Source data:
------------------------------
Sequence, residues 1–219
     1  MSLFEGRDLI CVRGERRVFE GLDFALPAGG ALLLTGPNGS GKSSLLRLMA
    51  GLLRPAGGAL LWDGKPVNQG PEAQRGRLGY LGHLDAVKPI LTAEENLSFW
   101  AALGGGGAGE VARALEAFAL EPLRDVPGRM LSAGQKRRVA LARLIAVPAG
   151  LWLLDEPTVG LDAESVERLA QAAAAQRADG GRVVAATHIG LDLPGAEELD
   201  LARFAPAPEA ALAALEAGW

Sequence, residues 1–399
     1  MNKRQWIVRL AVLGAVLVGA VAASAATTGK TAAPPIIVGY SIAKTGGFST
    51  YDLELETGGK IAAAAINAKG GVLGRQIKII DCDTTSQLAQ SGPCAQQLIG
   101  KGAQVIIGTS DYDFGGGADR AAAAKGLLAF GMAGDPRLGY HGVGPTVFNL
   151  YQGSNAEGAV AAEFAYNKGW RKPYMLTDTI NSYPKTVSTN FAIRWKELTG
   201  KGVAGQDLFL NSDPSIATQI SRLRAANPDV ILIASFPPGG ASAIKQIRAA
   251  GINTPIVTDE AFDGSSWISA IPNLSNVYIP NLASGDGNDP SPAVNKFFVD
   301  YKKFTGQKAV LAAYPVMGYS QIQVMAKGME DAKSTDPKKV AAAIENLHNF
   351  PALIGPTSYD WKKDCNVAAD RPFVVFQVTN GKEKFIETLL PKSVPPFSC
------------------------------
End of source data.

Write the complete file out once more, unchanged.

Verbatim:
Sequence, residues 1–219
     1  MSLFEGRDLI CVRGERRVFE GLDFALPAGG ALLLTGPNGS GKSSLLRLMA
    51  GLLRPAGGAL LWDGKPVNQG PEAQRGRLGY LGHLDAVKPI LTAEENLSFW
   101  AALGGGGAGE VARALEAFAL EPLRDVPGRM LSAGQKRRVA LARLIAVPAG
   151  LWLLDEPTVG LDAESVERLA QAAAAQRADG GRVVAATHIG LDLPGAEELD
   201  LARFAPAPEA ALAALEAGW

Sequence, residues 1–399
     1  MNKRQWIVRL AVLGAVLVGA VAASAATTGK TAAPPIIVGY SIAKTGGFST
    51  YDLELETGGK IAAAAINAKG GVLGRQIKII DCDTTSQLAQ SGPCAQQLIG
   101  KGAQVIIGTS DYDFGGGADR AAAAKGLLAF GMAGDPRLGY HGVGPTVFNL
   151  YQGSNAEGAV AAEFAYNKGW RKPYMLTDTI NSYPKTVSTN FAIRWKELTG
   201  KGVAGQDLFL NSDPSIATQI SRLRAANPDV ILIASFPPGG ASAIKQIRAA
   251  GINTPIVTDE AFDGSSWISA IPNLSNVYIP NLASGDGNDP SPAVNKFFVD
   301  YKKFTGQKAV LAAYPVMGYS QIQVMAKGME DAKSTDPKKV AAAIENLHNF
   351  PALIGPTSYD WKKDCNVAAD RPFVVFQVTN GKEKFIETLL PKSVPPFSC